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Recently, multimedia transmission over cognitive radio networks (CRNs) becomes an important topic due to the CR's capability of using unoccupied spectrum for data transmission. Conventional work has focused on typical quality-of-service (QoS) factors such as radio link reliability, maximum tolerable communication delay, and spectral efficiency. However, there is no work considering the impact of CR spectrum sensing frequency and packet-loading scheme on multimedia QoS. Here the spectrum sensing frequency means how frequently a CR user detects the free spectrum. Continuous, frequent spectrum sensing could increase the medium access control (MAC) layer processing overhead and delay, and cause some multimedia packets to miss the receiving deadline, and thus decrease the multimedia quality at the receiver side. In this research, we will derive the math model between the spectrum sensing frequency and the number of remaining packets that need to be sent, as well as the relationship between spectrum sensing frequency and the new channel availability time during which the CRN user is allowed to use a new channel (after the current channel is re-occupied by primary users) to continue packet transmission. A smaller number of remaining packets and a larger value of new channel availability time will help to transmit multimedia packets within a delay deadline. Based on the above relationship model, we select appropriate spectrum sensing frequency under single-channel case, and study the trade-offs among the number of selected channels, optimal spectrum sensing frequency, and packet-loading scheme under multi-channel case. The optimal spectrum sensing frequency and packet-loading solutions for multi-channel case are obtained by using the combination of Hughes-Hartogs and discrete particle swarm optimization (DPSO) algorithms. Our experiments of JPEG2000 packet-stream and H.264 video packet-stream transmission over CRN demonstrate the validity of our spectrum sensing frequency - - selection and packet-loading scheme.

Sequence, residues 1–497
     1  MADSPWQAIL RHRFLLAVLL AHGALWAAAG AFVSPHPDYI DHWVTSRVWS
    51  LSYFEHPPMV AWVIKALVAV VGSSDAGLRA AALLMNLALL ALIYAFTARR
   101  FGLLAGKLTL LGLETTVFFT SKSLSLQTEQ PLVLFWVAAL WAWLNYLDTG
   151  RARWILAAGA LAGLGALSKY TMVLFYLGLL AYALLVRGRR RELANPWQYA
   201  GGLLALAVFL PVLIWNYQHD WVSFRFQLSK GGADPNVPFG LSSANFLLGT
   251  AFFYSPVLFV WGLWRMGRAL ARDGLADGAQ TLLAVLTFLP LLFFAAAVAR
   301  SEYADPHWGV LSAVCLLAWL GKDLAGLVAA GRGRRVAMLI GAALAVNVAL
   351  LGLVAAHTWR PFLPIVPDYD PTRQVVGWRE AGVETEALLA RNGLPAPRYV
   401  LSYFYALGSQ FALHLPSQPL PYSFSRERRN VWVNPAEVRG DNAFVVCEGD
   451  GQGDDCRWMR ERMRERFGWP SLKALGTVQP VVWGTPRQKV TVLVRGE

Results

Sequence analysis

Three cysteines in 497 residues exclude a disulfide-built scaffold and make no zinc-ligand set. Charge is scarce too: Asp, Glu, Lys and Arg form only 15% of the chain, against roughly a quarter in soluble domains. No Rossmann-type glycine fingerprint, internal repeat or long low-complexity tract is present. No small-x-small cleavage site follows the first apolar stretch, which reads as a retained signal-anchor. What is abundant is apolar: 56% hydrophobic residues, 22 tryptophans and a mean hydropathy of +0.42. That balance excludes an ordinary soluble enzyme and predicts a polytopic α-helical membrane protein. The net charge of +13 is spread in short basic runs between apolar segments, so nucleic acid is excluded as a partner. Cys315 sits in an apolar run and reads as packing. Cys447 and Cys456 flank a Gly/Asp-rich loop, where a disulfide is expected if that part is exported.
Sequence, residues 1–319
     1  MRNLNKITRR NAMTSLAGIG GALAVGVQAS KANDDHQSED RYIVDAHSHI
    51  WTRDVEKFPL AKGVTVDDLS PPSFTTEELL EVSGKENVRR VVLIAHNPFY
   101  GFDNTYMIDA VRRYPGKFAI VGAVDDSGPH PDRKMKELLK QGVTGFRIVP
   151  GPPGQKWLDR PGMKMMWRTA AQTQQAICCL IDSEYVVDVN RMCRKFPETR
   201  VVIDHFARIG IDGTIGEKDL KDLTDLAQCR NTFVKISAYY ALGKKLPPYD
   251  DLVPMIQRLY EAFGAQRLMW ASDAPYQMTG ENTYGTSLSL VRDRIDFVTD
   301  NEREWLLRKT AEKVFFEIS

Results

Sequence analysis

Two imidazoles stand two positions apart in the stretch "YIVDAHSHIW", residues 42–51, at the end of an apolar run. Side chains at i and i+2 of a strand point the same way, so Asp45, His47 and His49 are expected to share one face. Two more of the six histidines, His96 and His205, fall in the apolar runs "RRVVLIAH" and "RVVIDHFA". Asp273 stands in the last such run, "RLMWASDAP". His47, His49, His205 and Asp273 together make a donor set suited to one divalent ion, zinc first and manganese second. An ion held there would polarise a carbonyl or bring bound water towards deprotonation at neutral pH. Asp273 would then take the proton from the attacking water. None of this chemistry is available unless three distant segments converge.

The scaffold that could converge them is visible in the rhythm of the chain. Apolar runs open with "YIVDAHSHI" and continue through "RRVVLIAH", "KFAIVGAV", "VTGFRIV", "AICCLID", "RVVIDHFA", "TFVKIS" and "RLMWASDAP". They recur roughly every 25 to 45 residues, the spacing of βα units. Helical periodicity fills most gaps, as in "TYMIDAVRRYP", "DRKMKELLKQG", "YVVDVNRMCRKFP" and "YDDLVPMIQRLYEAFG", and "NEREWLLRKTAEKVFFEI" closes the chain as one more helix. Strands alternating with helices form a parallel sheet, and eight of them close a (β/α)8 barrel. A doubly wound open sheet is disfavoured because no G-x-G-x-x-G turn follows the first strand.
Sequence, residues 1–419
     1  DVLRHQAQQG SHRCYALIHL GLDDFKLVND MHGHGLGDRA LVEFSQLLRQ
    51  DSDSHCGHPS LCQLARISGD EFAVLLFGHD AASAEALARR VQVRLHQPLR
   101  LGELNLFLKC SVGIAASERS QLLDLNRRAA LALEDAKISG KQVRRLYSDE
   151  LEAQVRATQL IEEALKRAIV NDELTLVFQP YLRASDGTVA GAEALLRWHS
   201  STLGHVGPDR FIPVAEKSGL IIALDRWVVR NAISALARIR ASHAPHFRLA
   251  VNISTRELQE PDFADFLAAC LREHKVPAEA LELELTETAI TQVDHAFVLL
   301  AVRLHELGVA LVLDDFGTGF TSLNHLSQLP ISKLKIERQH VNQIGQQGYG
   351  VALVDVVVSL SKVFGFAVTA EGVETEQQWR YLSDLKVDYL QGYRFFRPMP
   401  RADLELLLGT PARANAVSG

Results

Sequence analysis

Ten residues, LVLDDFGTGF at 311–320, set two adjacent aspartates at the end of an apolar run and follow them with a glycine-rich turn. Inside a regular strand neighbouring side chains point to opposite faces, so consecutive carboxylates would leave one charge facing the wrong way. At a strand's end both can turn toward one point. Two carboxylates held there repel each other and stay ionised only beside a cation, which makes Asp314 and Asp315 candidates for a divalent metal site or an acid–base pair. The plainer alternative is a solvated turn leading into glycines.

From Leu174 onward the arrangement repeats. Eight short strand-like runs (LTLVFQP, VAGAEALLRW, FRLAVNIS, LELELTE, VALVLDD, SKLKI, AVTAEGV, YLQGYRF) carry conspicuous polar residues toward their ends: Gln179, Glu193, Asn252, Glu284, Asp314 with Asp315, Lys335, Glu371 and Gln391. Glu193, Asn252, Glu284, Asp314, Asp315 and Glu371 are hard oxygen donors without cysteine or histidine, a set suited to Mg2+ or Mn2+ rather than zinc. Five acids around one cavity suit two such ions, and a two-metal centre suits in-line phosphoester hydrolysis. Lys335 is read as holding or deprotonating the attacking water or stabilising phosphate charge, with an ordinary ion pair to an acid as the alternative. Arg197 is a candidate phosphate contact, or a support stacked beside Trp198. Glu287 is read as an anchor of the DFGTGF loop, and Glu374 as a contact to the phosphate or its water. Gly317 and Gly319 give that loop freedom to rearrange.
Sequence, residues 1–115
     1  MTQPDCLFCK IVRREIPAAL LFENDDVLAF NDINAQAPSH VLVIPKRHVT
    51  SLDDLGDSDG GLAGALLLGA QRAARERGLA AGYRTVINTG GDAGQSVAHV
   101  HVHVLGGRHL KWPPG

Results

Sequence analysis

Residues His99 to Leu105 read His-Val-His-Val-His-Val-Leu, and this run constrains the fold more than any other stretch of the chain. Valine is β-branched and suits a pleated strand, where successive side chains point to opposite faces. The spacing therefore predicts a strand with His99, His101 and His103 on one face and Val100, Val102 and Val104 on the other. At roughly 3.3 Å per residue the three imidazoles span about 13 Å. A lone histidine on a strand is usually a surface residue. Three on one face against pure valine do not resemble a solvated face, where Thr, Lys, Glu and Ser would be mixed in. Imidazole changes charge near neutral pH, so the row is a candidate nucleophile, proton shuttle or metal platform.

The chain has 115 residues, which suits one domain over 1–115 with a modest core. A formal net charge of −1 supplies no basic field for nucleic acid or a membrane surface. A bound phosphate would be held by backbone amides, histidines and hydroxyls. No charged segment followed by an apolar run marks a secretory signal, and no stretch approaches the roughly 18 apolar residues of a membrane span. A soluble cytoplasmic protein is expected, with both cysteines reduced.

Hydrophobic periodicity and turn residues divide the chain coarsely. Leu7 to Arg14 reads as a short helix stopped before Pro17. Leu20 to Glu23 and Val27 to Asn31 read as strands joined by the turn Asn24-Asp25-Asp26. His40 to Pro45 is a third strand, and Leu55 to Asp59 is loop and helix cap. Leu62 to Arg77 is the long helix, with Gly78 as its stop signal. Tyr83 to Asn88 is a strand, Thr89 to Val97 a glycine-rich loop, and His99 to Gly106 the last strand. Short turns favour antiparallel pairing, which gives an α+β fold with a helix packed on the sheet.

Date of Publication: Aug. 2011